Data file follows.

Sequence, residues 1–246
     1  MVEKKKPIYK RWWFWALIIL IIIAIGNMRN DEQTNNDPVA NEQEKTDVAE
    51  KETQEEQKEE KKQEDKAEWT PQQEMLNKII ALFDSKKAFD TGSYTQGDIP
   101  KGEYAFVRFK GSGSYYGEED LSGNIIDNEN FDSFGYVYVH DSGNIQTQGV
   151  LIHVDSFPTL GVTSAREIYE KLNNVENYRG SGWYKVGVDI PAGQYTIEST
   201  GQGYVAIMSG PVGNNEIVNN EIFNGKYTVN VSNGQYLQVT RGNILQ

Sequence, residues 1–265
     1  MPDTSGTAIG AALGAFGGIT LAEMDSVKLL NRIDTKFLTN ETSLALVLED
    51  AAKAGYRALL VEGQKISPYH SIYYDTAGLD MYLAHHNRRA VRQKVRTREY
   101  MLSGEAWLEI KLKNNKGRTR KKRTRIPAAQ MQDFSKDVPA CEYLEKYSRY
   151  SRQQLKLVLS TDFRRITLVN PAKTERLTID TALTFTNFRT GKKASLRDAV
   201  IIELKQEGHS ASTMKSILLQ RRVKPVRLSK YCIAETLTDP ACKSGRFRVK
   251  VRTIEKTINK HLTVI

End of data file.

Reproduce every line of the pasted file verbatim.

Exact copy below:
Sequence, residues 1–246
     1  MVEKKKPIYK RWWFWALIIL IIIAIGNMRN DEQTNNDPVA NEQEKTDVAE
    51  KETQEEQKEE KKQEDKAEWT PQQEMLNKII ALFDSKKAFD TGSYTQGDIP
   101  KGEYAFVRFK GSGSYYGEED LSGNIIDNEN FDSFGYVYVH DSGNIQTQGV
   151  LIHVDSFPTL GVTSAREIYE KLNNVENYRG SGWYKVGVDI PAGQYTIEST
   201  GQGYVAIMSG PVGNNEIVNN EIFNGKYTVN VSNGQYLQVT RGNILQ

Sequence, residues 1–265
     1  MPDTSGTAIG AALGAFGGIT LAEMDSVKLL NRIDTKFLTN ETSLALVLED
    51  AAKAGYRALL VEGQKISPYH SIYYDTAGLD MYLAHHNRRA VRQKVRTREY
   101  MLSGEAWLEI KLKNNKGRTR KKRTRIPAAQ MQDFSKDVPA CEYLEKYSRY
   151  SRQQLKLVLS TDFRRITLVN PAKTERLTID TALTFTNFRT GKKASLRDAV
   201  IIELKQEGHS ASTMKSILLQ RRVKPVRLSK YCIAETLTDP ACKSGRFRVK
   251  VRTIEKTINK HLTVI